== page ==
However, if you want to improve battery the Quest's battery life, it is recommended to keep this setting at 15 seconds since it is the lowest time interval that can be selected. Otherwise, if the time interval was changed to a greater value, the device would remain active for longer when it is put down, draining the battery even further when not in use.
Also, turn off Auto Wake-Up. Having this setting on will keep your headset awake and on low power mode, even when not in use. Turning this off will save some power.
You will also find the option for Auto-Sleep right below Auto Wake-Up. Next to it, you'll see options to change the amount of time your headset will stay on before it goes to sleep after inactivity.
Turn off your headsets Wi-Fi once a game has finished downloading to your headset or if you don't plan on using any apps that require Wi-Fi such as Netflix, YouTube, RecRoom, VRChat or Oculus Browser.
While you are turning off your Wi-Fi, you can also switch your headset to Do Not Disturb just below the Wi-Fi setting. Doing this will turn off those pesky notifications while you're in VR, which can use up your battery.
Luckily, since it is possible to use the Quest while it is charging, it is possible to connect an external battery to the Quest via the USB-C port and cable while in use. These are the best options for external batteries you can get for your Oculus Quest:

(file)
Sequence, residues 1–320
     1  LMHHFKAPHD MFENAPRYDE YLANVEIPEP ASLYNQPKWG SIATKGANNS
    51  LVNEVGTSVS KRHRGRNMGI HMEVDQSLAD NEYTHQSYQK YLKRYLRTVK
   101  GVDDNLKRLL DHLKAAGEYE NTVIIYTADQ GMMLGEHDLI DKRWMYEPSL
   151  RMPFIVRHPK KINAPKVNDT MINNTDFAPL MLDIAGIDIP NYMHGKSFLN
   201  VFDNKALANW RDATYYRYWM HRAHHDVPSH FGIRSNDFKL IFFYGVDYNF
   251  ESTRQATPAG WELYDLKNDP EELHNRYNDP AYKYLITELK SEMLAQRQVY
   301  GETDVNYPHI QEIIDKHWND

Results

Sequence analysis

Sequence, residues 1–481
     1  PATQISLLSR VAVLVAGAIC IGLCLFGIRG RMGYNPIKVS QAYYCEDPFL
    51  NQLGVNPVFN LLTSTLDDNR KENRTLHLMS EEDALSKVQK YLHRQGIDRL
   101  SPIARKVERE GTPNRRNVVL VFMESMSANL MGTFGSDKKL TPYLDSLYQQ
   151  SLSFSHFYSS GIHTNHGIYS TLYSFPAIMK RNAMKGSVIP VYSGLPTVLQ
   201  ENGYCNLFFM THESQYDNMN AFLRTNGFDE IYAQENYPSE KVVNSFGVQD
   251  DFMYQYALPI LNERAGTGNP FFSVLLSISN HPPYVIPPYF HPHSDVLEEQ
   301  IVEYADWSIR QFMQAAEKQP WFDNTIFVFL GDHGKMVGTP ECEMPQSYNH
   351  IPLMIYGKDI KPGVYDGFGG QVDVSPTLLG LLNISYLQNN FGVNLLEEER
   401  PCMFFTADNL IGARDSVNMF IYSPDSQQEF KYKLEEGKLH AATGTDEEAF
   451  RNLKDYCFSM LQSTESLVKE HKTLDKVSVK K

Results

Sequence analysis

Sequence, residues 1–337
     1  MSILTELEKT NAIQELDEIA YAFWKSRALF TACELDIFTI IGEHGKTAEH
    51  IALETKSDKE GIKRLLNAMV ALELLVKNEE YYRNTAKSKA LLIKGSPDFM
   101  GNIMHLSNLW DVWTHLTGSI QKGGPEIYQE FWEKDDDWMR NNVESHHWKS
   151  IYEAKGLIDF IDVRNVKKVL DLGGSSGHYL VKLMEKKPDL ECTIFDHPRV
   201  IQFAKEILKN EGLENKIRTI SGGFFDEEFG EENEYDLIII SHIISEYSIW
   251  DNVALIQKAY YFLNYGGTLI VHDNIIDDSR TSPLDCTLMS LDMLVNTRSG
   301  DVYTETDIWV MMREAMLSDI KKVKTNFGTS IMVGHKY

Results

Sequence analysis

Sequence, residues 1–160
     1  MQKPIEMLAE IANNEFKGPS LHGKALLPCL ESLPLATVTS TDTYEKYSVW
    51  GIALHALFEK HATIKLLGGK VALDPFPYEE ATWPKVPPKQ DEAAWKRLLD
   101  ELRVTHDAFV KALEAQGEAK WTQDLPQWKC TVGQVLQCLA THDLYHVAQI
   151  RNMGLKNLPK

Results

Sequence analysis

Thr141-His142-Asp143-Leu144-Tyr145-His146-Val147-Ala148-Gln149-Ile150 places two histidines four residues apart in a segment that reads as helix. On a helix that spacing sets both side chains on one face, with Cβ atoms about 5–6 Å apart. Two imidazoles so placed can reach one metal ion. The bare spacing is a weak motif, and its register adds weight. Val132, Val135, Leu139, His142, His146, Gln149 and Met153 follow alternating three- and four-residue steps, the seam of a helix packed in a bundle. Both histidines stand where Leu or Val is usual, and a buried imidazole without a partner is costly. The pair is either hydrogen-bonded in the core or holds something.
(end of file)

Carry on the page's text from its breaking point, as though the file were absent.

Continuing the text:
Putting one of these external batteries in your pocket or using a waist clip is the best way to minimize restriction and maximize usage time.
Check out this article to see how to create your own Quest battery pack to maximize battery as well as comfort with one of the portable batteries listed above.
Feedback from Oculus Support states that all normal USB-C Chargers are supported for Oculus Quest and they advise to not use any quick chargers because the built-in battery is not developed for any quick charging solutions.
Oculus recommends just using the standard USB-C cable that comes with the device to charge it normally, but also mentioned that any USB-C cable can be used to do so as well.
As long as your power source can supply a stable 5 volts 2.4 amps rate you can charge AND play your Quest at the same time. Meaning you don't need a "quick charger battery" to charge it and play. Most standard external battery packs and various wall plugs will work for it. The battery may charge slower though when using 2.4 amps versus something closer to 3 amps.
These 10-foot-long USB-C Standard charging cables from Amazon should do the trick: